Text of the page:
Lets do better together: Training for health professionals on transgender and gender diverse affirmative practice in a hospital context

Andrew Wale-corey1, Simone Sheridan1

1The Royal Melbourne Hospital, Parkville, Australia

Background: A recent Australian study found that Transgender and Gender Diverse (TGD) patients experience high rates of discrimination when accessing mainstream healthcare services.  A lack of knowledge of TGD issues and insensitive questioning were the most common forms of reported discrimination (Department of Health, 2014).  Research suggests that the TGD population experience poorer physical and mental health outcomes due to stigma and social exclusion (Department of Health, 2014). Improving the provision of TGD affirmative health care may contribute to decreased health disparities and assist in creating safe and accessible health care for TGD people.

Objectives:  To develop, implement and evaluate a co-design education and training package with the Zoe Belle Gender Collective on affirmative language and sensitive questions for Nursing, Medical, Allied Health and Administrative staff.

Methods:  Single site cross-sectional survey measuring participants’ knowledge and confidence related to TGD experiences and affirmative practice skills.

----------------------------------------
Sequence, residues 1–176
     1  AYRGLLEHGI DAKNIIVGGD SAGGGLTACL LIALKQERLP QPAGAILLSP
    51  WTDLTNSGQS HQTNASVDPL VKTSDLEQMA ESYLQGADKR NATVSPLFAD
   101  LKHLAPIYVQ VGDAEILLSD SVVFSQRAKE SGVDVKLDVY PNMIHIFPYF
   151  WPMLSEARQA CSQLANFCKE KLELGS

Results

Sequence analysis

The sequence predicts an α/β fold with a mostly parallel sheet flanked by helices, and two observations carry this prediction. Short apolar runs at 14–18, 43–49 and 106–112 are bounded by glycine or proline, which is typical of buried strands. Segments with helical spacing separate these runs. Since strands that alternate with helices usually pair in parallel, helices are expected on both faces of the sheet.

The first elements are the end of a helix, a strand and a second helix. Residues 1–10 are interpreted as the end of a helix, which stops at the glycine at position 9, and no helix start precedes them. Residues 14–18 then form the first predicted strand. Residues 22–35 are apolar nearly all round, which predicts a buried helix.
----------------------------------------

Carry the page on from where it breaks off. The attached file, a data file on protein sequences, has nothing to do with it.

Results: Preliminary results for 116 participants (84 nursing staff, 19 Allied Health Clinicians and 13 Medical Staff) show an increase in knowledge regarding the use of TGD safe language, importance of pronouns and asking sensitive questions to TGD patients. Furthermore, many participants identified an increase in knowledge regarding TGD experiences and inclusive/affirmative practice. The study is ongoing with a hospital wide roll out in 2019.

Significance:  Improving health professionals’ TDG knowledge and affirmative practice skills can assist in mitigating the effects of discrimination and harassment, which in turn may improve TDG health and wellbeing. This study describes a co-design, inter professional, time efficient, low-cost method to deliver education and examines its effectiveness.


Andrew Wale-Corey is a Social Worker at the Royal Melbourne Hospital.  Andrew has clinical experience in Emergency Surgery, Trauma, Stroke, Neurology and Cardiology and a keen interest in LGBTIQA inclusive and affirmative practice.  Andrew is a member of the RMH LGBTIQA Working Party, a member of the Family Safety Advocacy Initiative, and was recently nominated for an Allied Health Respect Award for their work with LGBTIQA patients, staff, advocacy and education.

Simone Sheridan is a Clinical Nurse Educator at the Royal Melbourne Hospital.  Simone has a dedicated interest in providing safe and accessible care for all patient with a focus on the LGBTIQA community.  Simone is a key member of the RMH LGBTIQA Working Party and runs the ‘Let’s Talk about Sex’ training day. She is currently working with the Family Safety team to provide education to nursing staff with regards to Family Violence.

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2009, Canberra (8th NAHC)

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